28 U.S.C. § 1331 42 U.S.C. § 1983 inter alia, First First I First Fourteenth Santa Fe Indep. Sch. Dist. v. Doe, 530 U.S. 290 301 First McCreary County v. ACLU of Ky., 125 S. Ct. 2722 2742 See O'Connor, 416 F.3d at 1222 Van Orden v. Perry, 125 S. Ct. 2854 2869 Van Orden, 125 S. Ct. at 2869 Lemon v. Kurtzman, 403 U.S. 602 Utah Gospel Mission v. Salt Lake City Corp., 425 F.3d 1249 1258-59 Lemon O'Connor, 416 F.3d at 1224 Bauchman v. W. High Sch., 132 F.3d 542 551 Lynch v. Donnelly, Lemon Bauchman, 132 F.3d at 551 Lynch v. Donnelly, 465 U.S. 668 687-94 See O'Connor, 416 F.3d at 1224 see e.g., County of Allegheny v. ACLU, Greater Pittsburgh Chapter, 492 U.S. 573 595 O'Connor, 416 F.3d at 1224 Bauchman, 132 F.3d at 551 actual O'Connor, 416 F.3d at 1224 Bauchman, 132 F.3d at 551 See id. Bauchman, 132 F.3d at 551-52 McCreary County, 125 S. Ct. at 2734 see also O'Connor, 416 F.3d at 1228 McCreary County, 125 S. Ct. at 2734 Santa Fe Indep. Sch. Dist., 530 U.S. at 308 120 S.Ct. 2266 Id. Santa Fe Indep. Sch. Dist., 530 U.S. at 308 See Skoros v. City of New York, 437 F.3d 1 23 O'Connor, 416 F.3d at 1227-28 See Skoros, 437 F.3d at 30 See id. See id. see also O'Connor, 426 F.3d at 1228 "Lemon excessive Utah Gospel Mission, 425 F.3d at 1261 Lemon, 403 U.S. at 613 Agostini v. Felton, 521 U.S. 203 233 Van Orden Lemon Van Orden, 125 S. Ct. at 2858-64 Lemon O'Connor, 416 F.3d at 1224 McCreary County Van Orden, Lemon See id. McCreary County Van Orden McCreary County, 125 S. Ct. at 2738 Van Orden, 125 S. Ct. at 2863 accord Capitol Square Review Advisory Bd. v. Pinette, 515 U.S. 753 771 Friedman v. Bd. of County Comm'rs of Bernalillo County, 781 F.2d 777 782 Van Orden, 125 S. Ct. at 2863 accord Robinson v. City of Edmond, 68 F.3d 1226 1231 and Van Orden, 125 S. Ct. at 2863 See Summum v. City of Ogden, 297 F.3d 995 1000 see also Doe ex rel. Doe v. Beaumont Indep. Sch. Dist., 173 F.3d 274 300 A. Maintenance-Vehicle Emblem. See O'Connor, 416 F.3d at 1225 McCreary County, 125 S. Ct. at 2733 See, e.g., Friedman, 781 F.2d at 780 King v. Richmond Co., 331 F.3d 1271 1277 accord McCreary County, 125 S. Ct. at 2735 King, 331 F.3d at 1277 Lynch, 465 U.S. at 690 quoted in Foremaster v. City of St. George, 882 F.2d 1485 1491 O'Connor, 416 F.3d at 1231 Bauchman, 132 F.3d at 555 accord Capitol Square Review Advisory Bd., 515 U.S. at 780 115 S.Ct. 2440 See supra E.g., Robinson v. City of Edmond, 68 F.3d 1226 Friedman, 781 F.2d 777 Harris v. City of Zion, 927 F.2d 1401 Webb v. City of Republic, 55 F. Supp. 2d 994 ACLU of Ohio v. City of Stow, 29 F. Supp. 2d 845 Murray v. City of Austin Murray v. City of Austin, 947 F.2d 147 Murray See Webb, 55 F. Supp. 2d at 1000 Murray); accord Robinson, 68 F.3d at 1232 Murray Robinson, 68 F.3d at 1230 O'Connor, 416 F.3d at 1228 Lynch, 465 U.S. at 671 681-82 685 Cf. Robinson, 68 F.3d at 1232 Friedman], Harris], id. Harris, 927 F.2d at 1412 Cf. Bauchman, 132 F.3d at 555 public Summum, 297 F.3d at 1010 Good News Club v. Milford Cent. Sch., 533 U.S. 98 See Robinson, 68 F.3d at 1231 See id. See O'Connor, 416 F.3d at 1228 Cf. Murray, 947 F.2d at 150 Cf. Stone v. Graham, 449 U.S. 39 42 O'Connor, 416 F.3d at 1229 see generally Van Orden, 125 S. Ct. at 2876 See O'Connor, 416 F.3d at 1231 Bauchman, 132 F.3d at 555 principle primary Lemon Bauchman, 132 F.3d at 556 See id. see supra See Bauchman, 132 F.3d at 556 See Utah Gospel Mission, 425 F.3d at 1260 see generally Marchi v. Bd. of Coop. Educ. Servs., 173 F.3d 469 476 Ams. United for Separation of Church State, 980 F.2d 1538 1544 require B. Policy # 424. Capitol Square Review Advisory Bd, 515 U.S. at 764 id. Bauchman, 132 F.3d at 554 Sch. Dist. v. Schempp, 374 U.S. 203 225 83 S.Ct. 1560 10 L.Ed.2d 844 Florey v. Sioux Falls Sch. Dist. 49-5, 619 F.2d 1311 1315-16 Santa Fe Indep. Sch. Dist., 530 U.S. at 302 Lee v. Weisman, 505 U.S. 577 587 1. Policy # 424, as applied to the maintenance-vehicle emblem. See supra 2. Policy # 424, as applied to the Booker T. Elementary mural. See Bauchman, 132 F.3d at 552-53 see generally Fleming v. Jefferson County Sch. Dist. R-1, 298 F.3d 918 926 O'Connor, 416 F.3d at 1225 McCreary County, 125 S. Ct. at 2733 O'Connor, O'Connor, 416 F.3d at 1225 Bauchman, 132 F.3d at 553 Lynch, 465 U.S. at 690 quoted in Foremaster, 882 F.2d at 1491 endorsement Skoros, 437 F.3d at 47 Lynch, 465 U.S. at 690 accord Van Orden, 125 S. Ct. at 2863 cf. O'Connor, 416 F.3d at 1228 see generally Good News Club, 533 U.S. at 114 Bd. of Educ. of Westside Cmty. Sch. v. Mergens, 496 U.S. 226 251 See supra See Bauchman, 132 F.3d at 551 560 See supra See supra Murray v. City of Austin See supra public See O'Connor, 416 F.3d at 1228 Lynch, 465 U.S. at 692 O'Connor, 416 F.3d at 1228 Lynch, 465 U.S. at 671 681-82 685 Cf. O'Connor, 416 F.3d at 1229 Cf. Washegesic v. Bloomingdale Pub. Schs., 33 F.3d 679 681 683-84 Joki v. Bd. of Educ., 745 F. Supp. 823 831 cited in O'Connor, 416 F.3d at 1229 see also Freedom from Religion Found., Inc. v. City of Marshfield, 203 F.3d 487 495 See Bauchman, 132 F.3d at 556 see supra See Bauchman, 132 F.3d at 556 O'Connor, 416 F.3d at 1229 See id. Bauchman, 132 F.3d at 555 principle primary See, e.g., Linnemeir v. Bd. of Trs. of Purdue Univ. 260 F.3d 757 758-59 See Wagoner v. Wagoner, 938 F.2d 1120 1122 see also 54 See Walker v. United Parcel Serv., Inc., 240 F.3d 1268 1272 Hilst v. Bowen, 874 F.2d 725 726 Schlussler-Womack v. Chickasaw Tech. Prods. Inc., Adams v. Reliance Standard Life Ins. Co., 225 F.3d 1179 1186 Brumark Corp. v. Samson Res. Corp., 57 F. 3d 941 948 1. Jurisdiction arises under (2000). 2. Plaintiff brought this case pursuant to (2000), alleging, that Defendants' use of an emblem and Defendants' Policy # 424, as applied to a mural, violate the Establishment Clause of the Amendment. 3. The Religion Clauses of the Amendment provide: "Congress shall make no law respecting an establishment of religion, or prohibiting the free exercise thereof. . . ." U.S. Const. amend. . The Amendment applies to "the States and their political subdivisions" through the Amendment. , (2000). 4. "The Amendment contains no textual definition of `establishment'"; the term is "not self-defining." , (2005). 5. "Establishment Clause questions are heavily dependent on the specific context and content of the display." (citing , (2005) (Breyer, J., concurring in the judgment)). Resolving such claims is, necessarily, "fact-intensive." (Breyer, J., concurring in the judgment). 6. The "traditional standard" for Establishment Clause analysis is the three-part test articulated by the Supreme Court in (1971). , (10th Cir. 2005) (internal quotation marks and citations omitted). The test provides that "`government action does not violate the Establishment Clause so long as it (1) has a secular purpose, (2) does not have the principal or primary effect of advancing or inhibiting religion, and (3) does not foster an excessive entanglement.'" (quoting , (10th Cir. 1997)). 7. In Justice O'Connor crafted a concurring opinion in which she "refine[d] the analysis to focus more on whether the government is `endorsing' religion." (citing , (1984)). Justice O'Connor's "endorsement test" has proven to be a sound analytical framework for evaluating governmental use of religious symbols. ; , (1989) (employing "endorsement test" in analyzing holiday display featuring crèche and Chanukah menorah). 8. The "endorsement test" provides that the "`government impermissibly endorses religion if its conduct has either (1) the purpose or (2) the effect of conveying a message that religion or a particular religious belief is favored or preferred.'" (quoting ). a. Purpose probes "whether the government's purpose is to endorse or disapprove of religion." (emphasis added) (quoting ). b. Effect considers "whether a reasonable observer aware of the history and context" underlying a particular claim would conclude that it "had the effect of favoring or disfavoring a certain religion." at 1227-28 (citing ). c. Both the purpose and effect prongs are analyzed through the eyes of an "objective observer." ; . An objective observer "takes account of the traditional external signs that show up in the `text, legislative history, and implementation . . .' or comparable official act." (quoting , ). The objective observer is "presumed to be familiar with the history of the government's actions and competent to learn what history has to show." at 2737 (citing ). d. The identity of the "reasonable observer" — "whose perceptions determine whether the government acts with a purpose and effect that violates the Establishment Clause" — is critical. , (2d Cir. 2006); . Where, as here, an Establishment Clause challenge arises out of the elementary and primary school context, "special concerns arise in the identification of a reasonable observer." . Notwithstanding the fact that Plaintiff's claims arise out of the public schools setting, however, it is clear that the reasonable observer is an adult: "young schoolchildren cannot satisfy the requirements" of the Supreme Court's reasonable observer. at 24. As such, the Court casts an adult in this role "who, in taking full account of the policy's text, history, and implementation, does so mindful that" the challenged practices arise in the primary and secondary public school context. at 23; ("reasonable observer" profiled as having broad and significant familiarity with the content and context, including the history and implementation, of the challenged practice). e. Entanglement, 's final prong," mandates "that a challenged governmental action `must not foster an government entanglement with religion.'" (emphasis added) (quoting ). Contacts between the government and religion are only impermissible if they are so extensive that they have "the effect of advancing or inhibiting religion." , (1997). 9. While the Supreme Court's plurality opinion in upheld a Ten Commandments display without mentioning the factors or the endorsement test, (plurality opinion), the high court has not overruled and "it remains binding law." . Indeed, post- and the Tenth Circuit has continued to apply the factors, as modified by the endorsement test. 10. The Latin cross — like the Ten Commandments at issue in and — is undeniably religious. ; (plurality opinion); , (1995) (Thomas, J., concurring) (recognizing the cross as "one of the most sacred of religious symbols"); , (10th Cir. 1985) (en banc) ("The religious significance of the cross . . . is undisputed."). 11. In this case, therefore, the crosses incorporated in the emblem and the mural have obvious "religious significance." (plurality opinion); , n. 9 (10th Cir. 1995) (recognizing that "a Latin cross" is "a very familiar religious symbol"). 12. At the same time, religious symbols can have both religious secular meaning. (plurality opinion). 13. To prevail, Plaintiff must evidence that Defendants' use of an emblem and Policy # 424, as applied to the emblem and a mural, constitute Establishment Clause violations. , (10th Cir. 2002); , (5th Cir. 1999) ("plaintiffs bear the burden of proof on their Establishment Clause claim"). For the reasons that follow, Plaintiff failed to meet this burden. 14. Plaintiff did not prove that the maintenance-vehicle emblem lacks a genuine, secular purpose. a. There is no evidence that the emblem's adoption, or its continued use, was motivated by Defendants' desire to endorse or advance Christianity. (quoting ). b. Making LCPS maintenance vehicles readily identifiable is a legitimate, secular purpose. n. 3 (declining to "explicitly reject" the defendant's stated secular purpose for the challenged city seal, namely: "county identification"). c. While Defendants' research was not as exhaustive as the Court would have expected, there is no historical evidence that suggests that anything other than Defendants' stated secular purpose precipitated the emblem's adoption and its continued use. d. The lack of more detailed information "does not mean . . . that the government fails the purpose prong in cases in which there is no available evidence of the original intent for adopting a practice." , (11th Cir. 2003); (noting that "Establishment Clause analysis does not look to the veiled psyche of government officers" and that, if government actors' religious motive is not apparent to the objective observer, then, "without something more," the "government does not make a divisive announcement that in itself amounts to taking religious sides"). In any event, when there is no evidence of the original purpose for adopting a practice, the government may propose possible secular justifications for the challenged practice. . 15. Plaintiff did not prove that the emblem has the primary effect of endorsing religion. a. The endorsement test's "effect" analysis probes "whether, irrespective of the government's actual purpose," the challenged display "conveys a message of endorsement." , , (10th Cir. 1989). Effect is a "question of law" for the Court, which is determined "without reference to the reactions of individual viewers." n. 7 (citing ); , (O'Connor, J., concurring in part and concurring in the judgment) (explaining that the reasonable observer standard does not ask whether "a particular viewer of a display might feel uncomfortable"). b. A reasonable observer of the emblem affixed to LCPS maintenance vehicles would understand the crosses incorporated therein to symbolically represent Las Cruces — a uniquely named geopolitical subdivision — rather than an endorsement of Christianity. i. While Latin crosses have obvious and profound religious significance, in Las Cruces they have both religious and secular meaning. Conclusions of Law 10-12. ii. Las Cruces' name distinguishes this case from a number of cases in which government seals or logos incorporating the Latin cross have been struck down as unconstitutional. (10th Cir. 1995); (10th Cir. 1985); (7th Cir. 1991); (W.D. Mo. 1999); (N.D. Ohio 1998). Unlike the instant matter, the local governing bodies in those cases necessarily made choices unrelated to the name of the entity itself in selecting symbols (or seals) to represent their city or county. In their decision-making, the governing bodies revealed attitudes and beliefs which impermissibly crossed the establishment line. iii. Las Cruces' name makes this case more analogous to where the Court of Appeals for the Fifth Circuit upheld the City of Austin, Texas' official logo, notwithstanding its inclusion of a Latin cross. (5th Cir. 1991). As in — where the "connection between the state of Texas, the city of Austin, and Stephen F. Austin" was readily apparent and beyond dispute — the link between Las Cruces and three crosses is "unparalleled." (construing (same). Further, in both and this case, the name of the city drove the adoption of the contested symbol that, symbolically, reflects that name. c. A reasonable observer — that is, "the average receiver of the government communication or average observer of the government action," (internal quotation marks and citations omitted) — would not find that the emblem's "particular physical setting" had the effect of endorsing religion. (citing , , ). i. The most prominent aspect of the emblem's design is the text that reads "Las Cruces Public Schools" due to its large size. ii. The crosses incorporated in the emblem are quite small. (noting that, "[l]ike Bernalillo County's seal [at issue in and the seals of Zion and Rolling Meadows [at issue in the cross is a prominent feature of the Edmond seal."); at 1233 (rejecting — where no obvious connection between the city's name and the Latin cross existed — the notion that the religious message conveyed by a cross incorporated in a city seal was "neutralized" by presence of secular imagery); (same). iii. The emblem itself makes it clear that the vehicles to which it is affixed are publically owned. (finding that a reasonable observer would be aware that "the Choir represents one of Salt Lake City's high schools and is comprised of a diverse group of students" (emphasis added)). In Las Cruces, a reasonable observer would find this pivotal to the meaning of the crosses incorporated in the emblem. iv. The crosses' mere presence does not, per se, undermine the emblem's constitutionality. The emblem's legality does not turn on how Plaintiff personally perceives the emblem; the constitutional yardstick is the reasonable observer. Again, the Court emphasizes that there is no evidence of "`coercive pressure' imposed" by the emblem on the LCPS community. (quoting , 100 (2001)). d. A reasonable observer would not find that the emblem "pervades the daily lives" of Las Cruces residents. (internal quotation marks and citation omitted). i. Unlike government seals previously struck down by the Tenth Circuit and other courts of appeal, the LCPS emblem does not "appear on all [LCPS] paper work, on all [LCPS] vehicles, [and] . . . [LCPS personnel] uniforms." at 782. This factor weighs against "a finding of state endorsement." . ii. Although the emblem is permanently affixed to LCPS' thirty-five maintenance vehicles, which travel between LCPS properties, the vehicles are not so great in number that a reasonable observer would find the emblem pervasive in Las Cruces. (upholding seal containing cross where the challenged insignia was "used on police cars and other city vehicles, letterhead, monthly utility bills, uniforms of city employees, including police and firefighters, on the wall of the city council chambers, and on or in many city-owned buildings, parks, and recreation centers."). iii. A reasonable observer would find it material that school children's exposure to the emblem is limited. , (1980) (striking down Kentucky statute requiring the display of the Ten Commandments in each public classroom statewide). e. These facts and conclusions, taken together, would "lead the reasonable observer to conclude that the state did not intend to endorse a particular religious message." (citations omitted); (Stevens, J., dissenting) (recognizing that "a religious symbol may at times become an important feature of a familiar landscape or a reminder of an important event in the history of a community."). Nor would a reasonable observer perceive the emblem to be a state-sponsored endorsement of Christianity. ; (endorsement test requires plaintiff to "allege facts indicating" the challenged practices "have a or effect of advancing or endorsing religion" (emphasis in original)). 16. Plaintiff did not prove that the emblem fosters excessive government entanglement. a. The Tenth Circuit has noted that "['s] entanglement analysis typically is applied to circumstances in which the state is involving itself with a recognized religious activity or institution." . b. There is simply no evidence indicating any involvement between Defendants and any religious activity or entity in relation to the selection or continued use of the emblem on LCPS maintenance vehicles. c. As such, and having concluded that the emblem survives the endorsement test, Conclusions of Law 14-15, the Court concludes that a reasonable observer would also find the selection and display of the emblem amount to "religiously neutral" choices. . 17. Accordingly, Plaintiff did not prove that LCPS' maintenance-vehicle emblem violates the Establishment Clause. A reasonable observer would "perceive [Defendants] to be acting neutrally" toward religion in its use of the maintenance-vehicle emblem. (internal quotation marks and citation omitted); , (2d Cir. 1999) (recognizing that the Supreme Court's jurisprudence dictates that: "when courts adjudicate claims that some governmental activity violates the Establishment Clause, they must be careful not to invalidate activity that has a primary secular purpose and effect and only incidental religious significance"); , (6th Cir. 1992) (en banc) (upholding private, seasonal display of menorah in public forum) ("Even if this display appears similar in some respects to others that have been found unconstitutional in the past, other factors, unique to this case, may us to uphold the [defendant's] decision" (emphasis added)). 18. The Supreme Court, in addressing Establishment Clause challenges to public school policies involving religion, has "consistently held" that the government does not violate the Establishment Clause by "enact[ing] neutral policies that happen to benefit religion." (plurality opinion) (citations omitted); at 768 (citations omitted) ("policies providing incidental benefits to religion do not contravene the Establishment Clause"). 19. This principle extends with equal force to public schools. (citing , , , (1963), and , (8th Cir. 1980)). 20. This Court has previously found that Policy # 424 is, consistent with Supreme Court and Tenth Circuit precedent, a facially neutral policy. (Mem. Op. Order [Doc. 152] 55-57.) 21. Yet, because "`[i]t is beyond dispute that, at a minimum, the Constitution guarantees that government may not coerce anyone to support or participate in religion or its exercise, or otherwise act in a way which establishes a [state] religion or religious faith, or tends to do so,'" (quoting , (1992)), it is not enough for Policy # 424 to be facially constitutional; it must also be constitutional in its application. 22. For the reasons stated above, the Court concludes that Policy # 424 is constitutional as applied to the maintenance-vehicle emblem. Conclusions of Law 14-17. 23. For the reasons that follow, the Court concludes that Policy # 424 is constitutional as applied to the BTW mural. The artwork does not constitute a violation of Policy # 424. 24. Plaintiff did not prove that the mural lacks a genuine, secular purpose. a. Defendants' stated secular purpose in displaying the mural was to provide educational assistance to students enrolled in the CYC after-school program, which provides "latch-key" children with an educational environment after school and on weekends. b. Providing arts-based educational opportunities to students is patently a secular purpose. ; , (10th Cir. 2002) (Free Speech and Free Exercise challenge) (noting, generally, "the deference to be accorded to school administrators about pedagogical interests"). c. Defendants' proffered purpose is genuine. (quoting ). d. In the Tenth Circuit made clear that the "purpose prong of the endorsement test focuses on the intent of the government actor in displaying a particular work of art, not on the intent of the artist in creating the work." n. 3 (citation omitted). This is especially true where, as here, the artists were primary school students. e. In any case, while young children are undoubtedly impressionable, Wolverton did not direct, or otherwise coerce, the students to draw or include three crosses in the mural. (declining to "infer an impermissible purpose or effect in the absence of any supporting factual allegations"). f. The multiple layers of oversight — both on sight at BTW and by LCPS Administrator Schutz — further corroborate the genuineness of Defendants' position that the mural's design originated with the children and the mural's purpose was to provide an arts-based educational experience for the students involved. g. Having examined the mural's available history exhaustively, the Court concludes that the mural was created by BTW students, and that the mural was created for a secular purpose. 25. Plaintiff did not prove that the mural's creation or display has the primary effect of endorsing religion. a. As previously noted, the "effect" analysis probes "whether, irrespective of the government's actual purpose," the challenged display "conveys a message of endorsement." , . b. Government-sponsored artwork that incorporates a religious symbol does not necessarily convey "`a message of or disapproval.'" (emphasis added) (quoting (O'Connor, J., concurring)); (plurality opinion); (challenged artwork, "one of thirty outdoor sculptures," was displayed as "part of a `typical museum setting'"); ("[T]he guarantee of neutrality is respected, not offended, when the government, following neutral criteria and even-handed policies, extends benefits to recipients whose ideologies and viewpoints, including religious ones, are broad and diverse." (internal quotation marks and citation omitted)); , (1990) (secondary school) ("[T]here is little if any risk of official state endorsement or coercion where no formal classroom activities are involved and no school officials actively participate."). c. The mural's creation does not offend or violate Policy # 424, because Policy # 424 permits religious symbols to "be displayed . . . provided no effort is made to impose any particular beliefs which may be associated with such symbols." Finding of Fact 45. d. A reasonable observer of the mural — "aware of the history and context" of the forum — would understand the crosses incorporated in the artwork symbolically represent this uniquely named geopolitical subdivision, rather than an endorsement of Christianity. , . i. Three crosses have both religious and secular meaning in Las Cruces. Conclusions of Law 15(b). ii. Las Cruces' name distinguishes this case from a number of cases in which government seals or logos incorporating the Latin cross have been struck down as unconstitutional. Conclusion of Law 15(b)(ii). iii. Las Cruces' name makes this case more analogous to where the Court of Appeals for the Fifth Circuit upheld the City of Austin, Texas' official logo, notwithstanding its inclusion of a Latin cross. Conclusion of Law 15(b)(iii). iv. The mural is clearly student artwork and all of the images depicted obviously reflect either the Las Cruces community or BTW. e. A reasonable observer would not find that the mural's design had the effect of endorsing religion. i. A reasonable observer of the mural would be aware that: (1) the mural is a piece of artwork that students in the Court Youth Center's Safe After School Program created, with the help of Wolverton; (2) school officials were not actively involved in the project, other than to provide oversight; (3) the mural is accompanied by a commemorative plaque that reads "Booker T. Washington" and explains that the mural was funded by the DOE's 21st Century Community Learning Centers program; (4) the mural includes three center panels that feature images — the chiles and chile fields, three crosses, and yucca, respectively — which are commonly identified with, and widely familiar to residents of, the Las Cruces area, including primary school students. ii. A reasonable observer of the mural would also be aware that: (1) although the crosses depicted in the mural are centered, they appear in front of, what appear to be, the Organ Mountains and are accompanied by various other images commonly associated with the Las Cruces area; and (2) the mural is "book ended" by, what appears to be a student on the far left and, on the far right, a drawing of Booker T. Washington, BTW's namesake. iii. Notwithstanding its large scale, because the mural incorporates images indicative of BTW's students, BTW's namesake, and surrounding community, a reasonable observer would not perceive the mural to endorse religion. The fact that the mural is displayed at BTW, a school, is pivotal to the crosses' meaning and, thus, the mural's effect. iv. Viewed in this context, the BTW mural's design and physical setting, "though not neutralizing the religious content of . . . [the crosses], negates any message of endorsement of that content." (quoting (O'Connor, J., concurring)). f. A reasonable observer would not find that the mural's "particular physical setting" had the effect of endorsing religion. (citing , , ) (upholding prominently placed statue that was part of "museum setting."). The fact that the mural is not accompanied by other artwork does not demand a contrary conclusion. n. 5 ("Courts that have held particular works of art to violate the Establishment Clause have tended to focus on the relative isolation of the challenged work from other government-sponsored displays." (citations omitted)). Unlike instances in which courts of appeal have found that this factor triggered an Establishment Clause violation, here, the crosses incorporated in the BTW mural are part of a collage of images that are associated with Las Cruces, making it clear to the reasonable observer that the crosses symbolize the name Las Cruces. , , (6th Cir. 1994) (holding that a portrait of Christ in a public school violated the Establishment Clause when it was "not part of a group of paintings"); , (N.D.N.Y. 1990) ("[T]his is not a case where the school displays the painting as part of a student art exhibit."), n. 5; , (7th Cir. 2000) (finding that a fifteen-foot statue of Jesus Christ, erected in a public park, violated the Establishment Clause where the park "expressed only one message, which is the religious message conveyed by the statue," it "was created to display the statue, and the City present[ed] no evidence that other groups have ever used the park to present alternative messages"). 26. Plaintiff did not prove that the mural's creation or display fosters excessive government entanglement. a. There is no evidence that Defendants had any involvement with any religious activity or entity in relation to the BTW mural's creation or display. . b. As such, and having concluded that the mural survives the endorsement test, Conclusions of Law 24-25, the Court concludes that a reasonable observer would also find the creation, and continued display, of the mural to be "religiously neutral" choices. . 27. All of the foregoing, taken together, would "lead the reasonable observer to conclude that," in displaying the BTW mural, "the state did not intend to endorse a particular religious message." (citations omitted). A reasonable observer would perceive that the crosses incorporated therein symbolize the name Las Cruces. at 1231; (endorsement test requires plaintiff to "allege facts indicating" the challenged practices "have a or effect of advancing or endorsing religion" (emphasis in original)). 28. The fact that the mural is on permanent display at BTW is not to the contrary. First, again, there is no evidence of any efforts by Defendants or LCPS personnel to use the crosses incorporated in the mural to "impose" any Christian beliefs. Second, reading Policy # 424, Section C as a whole, it is clear that, to the extent a conflict exists between Part 1 and Part 3, Part 1 controls. Because the mural comports with Part 1, the mural does not violate Policy # 424, Section C. 29. Policy # 424 is constitutional as applied to the BTW mural. , , (7th Cir. 2001) (Posner, J.) ("If an Establishment Clause violation arose each time a student believed that a school practice either advanced or disapproved of a religion, school curricula would be reduced to the lowest common denominator, permitting each student to become a `curriculum review committee' unto himself. . . . Academic freedom and states' rights, alike demand deference to educational judgments that are not invidious" (internal quotation marks and citations omitted)). 30. Any proposed Finding of Fact or Conclusion of Law, submitted by the parties, inconsistent herewith is denied. 31. Having considered Plaintiff's "Motion to Alter or Amend per F.C.P.R. [sic] 59(e) Memorandum Opinion and Order (Doc. 152)" (Doc. 158), Plaintiff's "Motion to Amend" (Doc. 161), and Defendants' "Motion to Strike Plaintiff's Motion to Alter or Amend Per F.C.P.R. Rule 59(e) Memorandum Opinion and Order (Doc. 152)" (Doc. 159), the Court concludes that all three motions will be denied. a. The Court's November 9, 2006 Memorandum Opinion and Order "was obviously not a final judgment"; Plaintiff's Rule 59(e) motion is, thus, a premature motion to reconsider. , n. 1 (10th Cir. 1991); Fed.R.Civ.P. (b). b. The Court, nevertheless, will treat Plaintiff's motion — here, erroneously termed a "Rule 59(e)" motion — "as an effective Rule 59(e) motion" upon the entry of final judgment in a case. , (10th Cir. 2001) (citing , (10th Cir. 1989) (per curiam) ("Although Rule 59 motions are to be served not later than ten days after entry of judgment, courts and commentators generally agree that this ten-day limit sets only a maximum period and does not preclude a party from making a Rule 59 motion before a formal judgment has been entered.")). c. The "limited grounds [that] support a Rule 59(e) motion" include: (1) an intervening change in the controlling law, (2) new evidence previously unavailable, and (3) the need to correct clear error or prevent manifest injustice. 116 F. App'x 950, 954 (10th Cir. 2004) (citing , n. 5 (10th Cir. 2000), and , (10th Cir. 1995)). d. Plaintiff advances no grounds that warrant reconsideration. e. Accordingly, Plaintiff's motions will be denied; Defendants' motion will be denied as moot.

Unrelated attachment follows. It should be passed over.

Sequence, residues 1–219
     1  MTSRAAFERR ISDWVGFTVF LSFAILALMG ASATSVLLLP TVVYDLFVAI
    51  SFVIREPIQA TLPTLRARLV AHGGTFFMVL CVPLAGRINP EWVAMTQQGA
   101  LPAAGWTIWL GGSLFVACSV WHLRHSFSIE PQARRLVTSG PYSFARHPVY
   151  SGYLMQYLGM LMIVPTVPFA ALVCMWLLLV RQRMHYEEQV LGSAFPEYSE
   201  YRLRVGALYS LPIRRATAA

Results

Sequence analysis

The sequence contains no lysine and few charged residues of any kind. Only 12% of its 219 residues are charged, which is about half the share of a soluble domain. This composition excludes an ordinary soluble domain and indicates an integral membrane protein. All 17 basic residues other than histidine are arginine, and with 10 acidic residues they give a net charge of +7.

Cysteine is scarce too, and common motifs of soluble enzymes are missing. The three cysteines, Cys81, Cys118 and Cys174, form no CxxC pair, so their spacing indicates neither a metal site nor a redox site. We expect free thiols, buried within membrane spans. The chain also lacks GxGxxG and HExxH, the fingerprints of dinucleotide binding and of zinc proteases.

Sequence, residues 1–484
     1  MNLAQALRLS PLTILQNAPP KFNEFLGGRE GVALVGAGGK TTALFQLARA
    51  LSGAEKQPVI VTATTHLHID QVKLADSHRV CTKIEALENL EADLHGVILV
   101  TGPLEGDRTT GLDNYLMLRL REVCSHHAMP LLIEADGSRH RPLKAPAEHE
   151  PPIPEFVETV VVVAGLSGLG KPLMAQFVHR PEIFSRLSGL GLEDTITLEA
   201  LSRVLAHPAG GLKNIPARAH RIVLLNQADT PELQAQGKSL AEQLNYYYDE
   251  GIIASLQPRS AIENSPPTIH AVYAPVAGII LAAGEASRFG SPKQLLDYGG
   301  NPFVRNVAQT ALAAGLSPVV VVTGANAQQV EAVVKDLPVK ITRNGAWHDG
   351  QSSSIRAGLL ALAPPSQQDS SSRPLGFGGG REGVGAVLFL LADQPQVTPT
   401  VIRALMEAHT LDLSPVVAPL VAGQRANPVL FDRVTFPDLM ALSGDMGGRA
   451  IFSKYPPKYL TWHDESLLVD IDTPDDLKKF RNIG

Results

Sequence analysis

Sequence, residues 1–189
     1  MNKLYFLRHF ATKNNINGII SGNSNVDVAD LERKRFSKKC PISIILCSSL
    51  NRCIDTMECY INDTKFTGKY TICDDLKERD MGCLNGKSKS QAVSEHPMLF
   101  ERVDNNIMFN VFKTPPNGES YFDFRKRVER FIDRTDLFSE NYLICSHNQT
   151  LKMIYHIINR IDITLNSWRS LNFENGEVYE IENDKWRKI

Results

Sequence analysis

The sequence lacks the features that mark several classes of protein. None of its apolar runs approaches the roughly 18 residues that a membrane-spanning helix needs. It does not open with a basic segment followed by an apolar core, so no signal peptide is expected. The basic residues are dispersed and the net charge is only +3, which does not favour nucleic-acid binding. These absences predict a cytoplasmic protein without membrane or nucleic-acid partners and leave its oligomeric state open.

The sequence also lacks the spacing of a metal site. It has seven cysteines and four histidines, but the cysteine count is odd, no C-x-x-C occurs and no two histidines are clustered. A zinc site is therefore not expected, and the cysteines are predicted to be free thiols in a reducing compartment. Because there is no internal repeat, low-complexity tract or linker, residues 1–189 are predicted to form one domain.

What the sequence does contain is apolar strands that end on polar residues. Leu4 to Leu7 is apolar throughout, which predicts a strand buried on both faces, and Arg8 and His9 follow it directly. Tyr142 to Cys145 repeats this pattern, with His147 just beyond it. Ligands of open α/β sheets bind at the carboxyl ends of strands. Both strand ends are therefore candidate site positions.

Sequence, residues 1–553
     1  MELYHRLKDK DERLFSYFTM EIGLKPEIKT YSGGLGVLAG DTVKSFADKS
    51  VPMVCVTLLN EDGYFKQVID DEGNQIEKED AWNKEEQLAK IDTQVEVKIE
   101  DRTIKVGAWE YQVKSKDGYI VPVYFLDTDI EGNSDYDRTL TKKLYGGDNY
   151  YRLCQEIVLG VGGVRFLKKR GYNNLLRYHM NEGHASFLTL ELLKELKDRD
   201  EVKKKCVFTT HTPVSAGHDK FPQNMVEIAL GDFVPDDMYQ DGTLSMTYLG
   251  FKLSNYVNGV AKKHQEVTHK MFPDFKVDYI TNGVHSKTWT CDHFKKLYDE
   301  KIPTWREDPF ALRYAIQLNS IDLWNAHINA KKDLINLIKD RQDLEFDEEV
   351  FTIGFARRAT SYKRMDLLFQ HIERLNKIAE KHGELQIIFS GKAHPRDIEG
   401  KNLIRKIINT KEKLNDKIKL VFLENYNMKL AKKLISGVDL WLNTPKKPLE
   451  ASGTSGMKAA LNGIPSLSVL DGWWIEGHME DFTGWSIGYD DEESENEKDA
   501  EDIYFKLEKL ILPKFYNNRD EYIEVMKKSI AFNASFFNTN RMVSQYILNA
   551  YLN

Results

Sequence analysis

IV. Conclusion.